Organizers of the city’s only full-time cold weather shelter say they were overwhelmed last year and as a result will be operating this winter as an extreme weather shelter only.
The First Unitarian Fellowship of Nanaimo at 595 Townsite Rd. had operated an extreme weather shelter prior to last winter, but an increase in funding provided an opportunity for the fellowship to extend its service and stay open nightly from Nov. 15-March 15, 7 p.m. to 7 a.m.
Last winter, the 24-bed shelter hosted 18 to 25 people nightly, a demand that Arthur Lionel, chairman of the weather shelter task force for the fellowship, said taxed volunteers and the program to their limits, if not beyond.
“There were too many people. When we were open every night we were overwhelmed every night,” said Lionel.
“There are people who would like us to be open every night no matter what the weather but we are not interested in that. We are interested in providing an opportunity for homeless people to get taken care of when the weather is extreme.”
Last year, the program received $48,000 from the Nanaimo Working Group on Homelessness because of its status as a cold weather shelter.
An extreme weather shelter, which opens when the temperature falls below freezing or heavy rain accompanies temperatures of 2 C or below, is funded through B.C. Housing.
Gord Fuller, a community activist for social justice and chairman of the 7-10 Club, said he is concerned that reverting back to an extreme weather shelter will create an inconsistency in the service and could even endanger lives.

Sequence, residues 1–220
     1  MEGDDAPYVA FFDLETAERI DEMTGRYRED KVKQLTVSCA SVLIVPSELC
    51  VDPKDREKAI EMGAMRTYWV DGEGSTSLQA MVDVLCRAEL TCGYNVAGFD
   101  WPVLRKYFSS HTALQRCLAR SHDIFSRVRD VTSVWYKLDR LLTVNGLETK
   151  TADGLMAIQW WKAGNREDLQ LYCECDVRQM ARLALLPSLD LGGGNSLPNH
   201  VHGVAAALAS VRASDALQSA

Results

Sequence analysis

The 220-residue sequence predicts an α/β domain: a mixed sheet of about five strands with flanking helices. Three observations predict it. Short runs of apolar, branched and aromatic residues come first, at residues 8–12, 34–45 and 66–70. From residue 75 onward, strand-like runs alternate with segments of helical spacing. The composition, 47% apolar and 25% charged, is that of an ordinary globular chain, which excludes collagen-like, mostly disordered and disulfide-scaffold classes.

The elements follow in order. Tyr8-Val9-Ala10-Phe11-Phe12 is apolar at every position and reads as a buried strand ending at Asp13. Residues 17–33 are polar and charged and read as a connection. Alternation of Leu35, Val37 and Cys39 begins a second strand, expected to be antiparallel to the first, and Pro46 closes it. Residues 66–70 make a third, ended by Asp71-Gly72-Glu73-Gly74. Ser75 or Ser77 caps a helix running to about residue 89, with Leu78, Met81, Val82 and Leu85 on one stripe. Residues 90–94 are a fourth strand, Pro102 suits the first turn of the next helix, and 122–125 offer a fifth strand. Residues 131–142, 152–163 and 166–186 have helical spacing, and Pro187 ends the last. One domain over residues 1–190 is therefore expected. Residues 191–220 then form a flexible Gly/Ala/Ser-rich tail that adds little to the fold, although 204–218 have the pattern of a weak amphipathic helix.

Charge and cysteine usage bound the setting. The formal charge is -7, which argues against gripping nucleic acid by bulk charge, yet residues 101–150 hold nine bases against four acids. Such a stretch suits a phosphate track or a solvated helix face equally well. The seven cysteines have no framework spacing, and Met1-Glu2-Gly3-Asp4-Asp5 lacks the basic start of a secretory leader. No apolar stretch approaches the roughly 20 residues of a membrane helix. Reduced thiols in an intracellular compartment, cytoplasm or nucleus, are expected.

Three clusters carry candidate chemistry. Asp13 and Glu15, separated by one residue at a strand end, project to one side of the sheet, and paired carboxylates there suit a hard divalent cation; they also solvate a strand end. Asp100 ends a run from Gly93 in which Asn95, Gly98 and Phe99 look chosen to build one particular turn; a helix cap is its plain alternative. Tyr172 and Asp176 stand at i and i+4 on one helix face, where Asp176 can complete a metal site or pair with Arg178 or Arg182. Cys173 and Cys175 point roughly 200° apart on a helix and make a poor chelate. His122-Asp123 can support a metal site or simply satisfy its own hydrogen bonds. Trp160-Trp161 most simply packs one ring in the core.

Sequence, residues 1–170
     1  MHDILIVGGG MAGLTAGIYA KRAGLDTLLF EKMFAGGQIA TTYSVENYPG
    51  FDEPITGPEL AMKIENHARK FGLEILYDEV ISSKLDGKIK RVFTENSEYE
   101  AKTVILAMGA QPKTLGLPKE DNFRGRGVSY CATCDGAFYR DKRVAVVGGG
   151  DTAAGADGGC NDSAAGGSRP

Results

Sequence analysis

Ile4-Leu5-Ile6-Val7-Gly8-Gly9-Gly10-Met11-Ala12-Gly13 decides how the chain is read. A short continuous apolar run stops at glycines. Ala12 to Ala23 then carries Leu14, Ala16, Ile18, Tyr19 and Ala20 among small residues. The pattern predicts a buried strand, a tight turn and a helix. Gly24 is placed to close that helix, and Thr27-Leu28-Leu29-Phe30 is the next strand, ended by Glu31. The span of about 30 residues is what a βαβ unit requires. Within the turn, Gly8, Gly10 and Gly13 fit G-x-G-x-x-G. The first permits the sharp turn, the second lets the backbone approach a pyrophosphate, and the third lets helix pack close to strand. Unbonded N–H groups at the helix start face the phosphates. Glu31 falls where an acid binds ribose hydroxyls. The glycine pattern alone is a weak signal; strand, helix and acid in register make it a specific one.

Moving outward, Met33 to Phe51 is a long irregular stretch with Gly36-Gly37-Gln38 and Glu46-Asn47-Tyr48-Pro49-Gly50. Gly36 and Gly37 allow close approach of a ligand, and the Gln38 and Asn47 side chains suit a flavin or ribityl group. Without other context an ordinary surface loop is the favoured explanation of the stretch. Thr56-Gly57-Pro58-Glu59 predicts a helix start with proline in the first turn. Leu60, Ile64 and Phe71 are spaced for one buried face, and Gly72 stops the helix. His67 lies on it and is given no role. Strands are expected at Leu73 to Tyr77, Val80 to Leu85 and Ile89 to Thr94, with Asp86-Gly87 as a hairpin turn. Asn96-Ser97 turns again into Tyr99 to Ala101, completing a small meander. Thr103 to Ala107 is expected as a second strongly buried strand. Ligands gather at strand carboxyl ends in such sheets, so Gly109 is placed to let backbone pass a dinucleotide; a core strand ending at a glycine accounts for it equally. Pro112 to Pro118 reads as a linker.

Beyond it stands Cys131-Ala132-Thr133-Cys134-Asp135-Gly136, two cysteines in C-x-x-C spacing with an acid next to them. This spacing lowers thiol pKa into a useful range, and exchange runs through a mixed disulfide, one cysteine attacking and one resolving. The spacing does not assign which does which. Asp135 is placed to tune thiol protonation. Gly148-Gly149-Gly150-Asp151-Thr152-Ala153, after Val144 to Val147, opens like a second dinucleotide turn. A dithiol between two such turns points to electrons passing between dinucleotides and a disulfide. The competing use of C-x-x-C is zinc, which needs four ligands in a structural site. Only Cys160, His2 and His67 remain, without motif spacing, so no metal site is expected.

“In many ways it would have been better if the Unitarian Fellowship, when making the decision to go back to extreme weather only, had decided not to continue providing the service and allow another organization or group take on the running of the shelter,” said Fuller in an address to city council Monday.
The Nanaimo Working Group on Homelessness closed a request for proposals process on Aug. 31 for other organizations willing to take on a cold weather shelter.
A sub committee will meet Sept. 20 to discuss those options and others to ensure the city’s homeless have adequate shelter during the winter months.
Bruce Anderson, the city’s manager for planning and design, said money is available for an organization that wishes to take on a cold weather shelter.
Coun. Diane Brennan said that until the committee reports back to council, there is no need for council to intervene in the process.
“Until the sub committee comes and says we’re having difficulty then I am absolutely hesitant to step in and interfere with this,” she said.